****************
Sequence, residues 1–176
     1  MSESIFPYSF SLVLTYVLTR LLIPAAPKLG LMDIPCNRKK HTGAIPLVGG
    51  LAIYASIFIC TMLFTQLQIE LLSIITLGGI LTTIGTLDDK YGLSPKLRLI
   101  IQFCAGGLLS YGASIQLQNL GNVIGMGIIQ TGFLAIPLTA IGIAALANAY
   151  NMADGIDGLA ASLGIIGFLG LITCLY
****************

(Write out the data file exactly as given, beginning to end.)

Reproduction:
Sequence, residues 1–176
     1  MSESIFPYSF SLVLTYVLTR LLIPAAPKLG LMDIPCNRKK HTGAIPLVGG
    51  LAIYASIFIC TMLFTQLQIE LLSIITLGGI LTTIGTLDDK YGLSPKLRLI
   101  IQFCAGGLLS YGASIQLQNL GNVIGMGIIQ TGFLAIPLTA IGIAALANAY
   151  NMADGIDGLA ASLGIIGFLG LITCLY